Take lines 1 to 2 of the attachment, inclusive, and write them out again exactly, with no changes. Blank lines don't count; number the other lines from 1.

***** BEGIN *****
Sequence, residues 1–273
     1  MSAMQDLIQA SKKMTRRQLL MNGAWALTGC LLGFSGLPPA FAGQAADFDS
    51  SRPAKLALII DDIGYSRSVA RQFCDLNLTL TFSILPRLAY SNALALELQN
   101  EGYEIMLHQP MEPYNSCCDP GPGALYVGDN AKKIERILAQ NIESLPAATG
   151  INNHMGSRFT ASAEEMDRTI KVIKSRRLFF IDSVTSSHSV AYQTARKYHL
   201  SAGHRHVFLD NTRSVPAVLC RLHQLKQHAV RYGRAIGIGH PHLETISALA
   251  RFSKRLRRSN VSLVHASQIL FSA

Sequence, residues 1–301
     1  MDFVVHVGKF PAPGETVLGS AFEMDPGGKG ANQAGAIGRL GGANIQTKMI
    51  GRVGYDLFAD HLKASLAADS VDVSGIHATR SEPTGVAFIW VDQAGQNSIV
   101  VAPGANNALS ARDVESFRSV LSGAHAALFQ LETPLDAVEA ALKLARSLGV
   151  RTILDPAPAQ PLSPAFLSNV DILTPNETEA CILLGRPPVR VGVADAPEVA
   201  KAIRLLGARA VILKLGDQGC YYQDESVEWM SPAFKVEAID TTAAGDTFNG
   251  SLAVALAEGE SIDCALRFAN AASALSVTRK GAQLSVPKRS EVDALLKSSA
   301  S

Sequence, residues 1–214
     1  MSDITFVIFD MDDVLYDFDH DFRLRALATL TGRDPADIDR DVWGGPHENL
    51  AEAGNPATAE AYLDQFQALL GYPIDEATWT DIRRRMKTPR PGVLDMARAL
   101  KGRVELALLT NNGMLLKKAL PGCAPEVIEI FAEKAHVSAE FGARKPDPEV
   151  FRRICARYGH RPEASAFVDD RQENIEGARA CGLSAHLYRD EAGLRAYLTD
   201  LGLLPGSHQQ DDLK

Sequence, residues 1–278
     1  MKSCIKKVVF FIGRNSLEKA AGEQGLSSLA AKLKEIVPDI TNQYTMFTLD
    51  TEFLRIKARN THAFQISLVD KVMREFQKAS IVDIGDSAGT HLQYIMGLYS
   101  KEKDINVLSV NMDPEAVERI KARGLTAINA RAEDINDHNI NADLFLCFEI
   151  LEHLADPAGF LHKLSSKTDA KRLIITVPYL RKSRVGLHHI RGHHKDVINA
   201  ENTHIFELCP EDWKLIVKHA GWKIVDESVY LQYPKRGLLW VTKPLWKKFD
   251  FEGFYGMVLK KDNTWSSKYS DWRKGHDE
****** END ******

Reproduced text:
Sequence, residues 1–273
     1  MSAMQDLIQA SKKMTRRQLL MNGAWALTGC LLGFSGLPPA FAGQAADFDS